The Eight Knights of Hanukkah 
by Leslie Kimmelman, illustrated by Galia Bernstein
Holiday House, 2020, 48 pages
It's the last night of Hanukkah and Lady Sadie has invited the whole kingdom to celebrate with her and her eight children - all knights - but a dragon named Dreadful is roaming around, ruining the people's Hanukkah preparations. So, she tells her knight children to "fix things with some deeds of awesome kindness and stupendous bravery." Sir Alex carves a new dreidel for a young boy's after Dreadful scorched the one he was playing with. Sir Gabriel helps a lady peel potatoes for the evening's latkes, after Dreadful scared off her helpers. Sir Margaret helps a group of field hands pick apples for applesauce after Dreadful baked the apples they had already picked with his dragon breath. Sir Julian's mitzvah was to bring chicken soup to the sick and lonely, while Sir Lily helped the baker make more jelly donuts after dreadful ate what she had already made. Sir Henry cleaned the castle from top to bottom for the evening's celebration. And finally, Sir Isabella and Sir Ruglach chase down the dragon, and what a surprise - it's just a baby named Rosie. Finally, everyone is ready for the last night of Hanukkah, including baby Rosie who has a unique talent for lighting menorahs. This is such a fun book and really helps the reader understand what making a mitzvah means. And the wordplay, the gender blurring and the community spirit really make this a lively Hanukkah story. 

The Golem's Latkes by Eric A Kimmel,
illustrated by Arron Jasinski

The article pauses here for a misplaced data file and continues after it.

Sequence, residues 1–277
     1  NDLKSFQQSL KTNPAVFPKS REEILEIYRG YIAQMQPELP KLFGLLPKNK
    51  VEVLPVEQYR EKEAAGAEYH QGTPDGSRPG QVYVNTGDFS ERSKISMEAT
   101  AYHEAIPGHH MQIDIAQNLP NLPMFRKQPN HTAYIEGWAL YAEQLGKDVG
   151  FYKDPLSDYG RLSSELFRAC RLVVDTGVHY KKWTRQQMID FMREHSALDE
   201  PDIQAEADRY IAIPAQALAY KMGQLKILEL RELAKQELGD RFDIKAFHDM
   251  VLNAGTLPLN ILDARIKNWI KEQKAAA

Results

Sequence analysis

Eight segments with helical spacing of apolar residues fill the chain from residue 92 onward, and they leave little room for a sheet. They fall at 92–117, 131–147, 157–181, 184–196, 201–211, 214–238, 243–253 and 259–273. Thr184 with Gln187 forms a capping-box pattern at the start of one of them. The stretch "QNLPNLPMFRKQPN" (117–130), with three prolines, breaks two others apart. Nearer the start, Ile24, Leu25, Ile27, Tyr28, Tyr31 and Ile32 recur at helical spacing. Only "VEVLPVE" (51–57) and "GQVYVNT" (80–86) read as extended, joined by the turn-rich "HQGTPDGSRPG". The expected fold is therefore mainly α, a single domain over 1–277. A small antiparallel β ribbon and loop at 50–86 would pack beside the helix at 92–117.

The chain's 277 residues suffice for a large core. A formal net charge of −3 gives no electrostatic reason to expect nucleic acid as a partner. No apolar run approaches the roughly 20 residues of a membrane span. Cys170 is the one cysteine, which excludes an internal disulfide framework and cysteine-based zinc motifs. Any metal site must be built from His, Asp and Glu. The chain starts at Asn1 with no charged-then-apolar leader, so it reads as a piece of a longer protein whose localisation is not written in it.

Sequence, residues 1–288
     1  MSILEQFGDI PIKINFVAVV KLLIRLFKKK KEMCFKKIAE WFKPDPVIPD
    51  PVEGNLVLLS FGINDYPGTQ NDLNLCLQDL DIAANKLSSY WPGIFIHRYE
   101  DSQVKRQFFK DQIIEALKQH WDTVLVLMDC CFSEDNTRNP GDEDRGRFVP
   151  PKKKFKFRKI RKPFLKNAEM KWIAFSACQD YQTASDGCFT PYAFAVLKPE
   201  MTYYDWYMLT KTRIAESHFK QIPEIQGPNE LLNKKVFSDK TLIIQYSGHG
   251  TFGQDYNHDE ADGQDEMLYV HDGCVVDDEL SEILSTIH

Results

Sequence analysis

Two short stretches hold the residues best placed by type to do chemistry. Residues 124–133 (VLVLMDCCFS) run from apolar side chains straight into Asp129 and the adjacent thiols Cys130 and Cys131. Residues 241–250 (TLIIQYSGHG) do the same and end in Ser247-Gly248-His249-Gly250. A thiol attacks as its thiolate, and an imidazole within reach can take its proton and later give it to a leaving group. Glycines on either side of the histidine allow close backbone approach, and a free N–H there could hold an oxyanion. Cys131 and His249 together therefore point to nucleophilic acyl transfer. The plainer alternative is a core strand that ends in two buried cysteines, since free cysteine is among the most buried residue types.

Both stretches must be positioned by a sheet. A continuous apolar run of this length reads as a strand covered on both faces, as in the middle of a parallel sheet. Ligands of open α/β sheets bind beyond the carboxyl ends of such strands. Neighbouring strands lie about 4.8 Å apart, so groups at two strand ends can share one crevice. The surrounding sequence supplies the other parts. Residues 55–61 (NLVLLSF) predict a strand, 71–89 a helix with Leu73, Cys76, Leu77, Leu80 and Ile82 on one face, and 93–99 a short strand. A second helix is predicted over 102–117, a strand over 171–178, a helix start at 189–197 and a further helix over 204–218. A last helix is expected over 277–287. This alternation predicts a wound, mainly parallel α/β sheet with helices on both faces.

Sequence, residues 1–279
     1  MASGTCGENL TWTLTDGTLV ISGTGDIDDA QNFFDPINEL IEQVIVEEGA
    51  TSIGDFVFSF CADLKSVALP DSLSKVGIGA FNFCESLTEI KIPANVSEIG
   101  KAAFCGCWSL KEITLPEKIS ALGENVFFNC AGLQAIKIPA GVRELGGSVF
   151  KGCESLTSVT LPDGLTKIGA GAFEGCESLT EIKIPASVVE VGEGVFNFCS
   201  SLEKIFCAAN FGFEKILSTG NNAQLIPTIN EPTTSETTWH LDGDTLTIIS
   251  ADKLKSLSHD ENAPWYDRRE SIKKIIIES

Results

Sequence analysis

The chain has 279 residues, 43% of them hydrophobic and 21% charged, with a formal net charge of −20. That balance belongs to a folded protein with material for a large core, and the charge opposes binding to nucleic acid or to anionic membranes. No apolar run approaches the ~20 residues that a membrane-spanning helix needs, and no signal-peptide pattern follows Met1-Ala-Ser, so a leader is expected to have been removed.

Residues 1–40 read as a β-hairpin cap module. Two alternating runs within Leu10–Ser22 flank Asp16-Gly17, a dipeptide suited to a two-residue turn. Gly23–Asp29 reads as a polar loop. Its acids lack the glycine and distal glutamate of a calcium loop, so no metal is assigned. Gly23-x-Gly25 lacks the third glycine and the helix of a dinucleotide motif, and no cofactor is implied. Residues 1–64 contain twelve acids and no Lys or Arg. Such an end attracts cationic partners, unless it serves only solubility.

Marshall Cavendish, 2011, 40 pages
It wouldn't feel like Hanukkah without a book by Eric Kimmel and this one one of my favorites. After Rabbi Judah of Prague took a piece of clay and formed it to look like a man, he put a magic word on its forehead and the giant clay man, which he called Golem, came to life. Golem could work hard and long and always do a great job. So when Hanukkah comes around, and Rabbi Judah is very busy, he puts his housemaid Basha in charge of Golem, to clean the house and then to make lots of latkes for his guests that night while he goes out. But, he cautions Basha to never leave Golem alone and always say "Golem, enough" to get him to stop working. But Mary decides that since Golem is such a good worker and has to make so many latkes, she has time to visit her friend Mary. But, Basha loses track of time, and Golem keeps working, peeling potatoes and making latkes. Soon, there are so many latkes they fill the house, then spill out the door, into the street until they top the city walls. When Rabbi Judah and Basha finally get home and yell "Golem, enough" there are latkes everywhere. What to do? Invite everyone to come and enjoy them - for eight days and nights. This is a fun book and a nice rendering of the Golem from Jewish folklore, but with a clear nod to The Sorcerer's Apprentice. The acrylic illustrations are very detailed, and done in a palette of muted earth tones. The Golem, though a giant, is not scary and in fact has a bit of a sense of humor.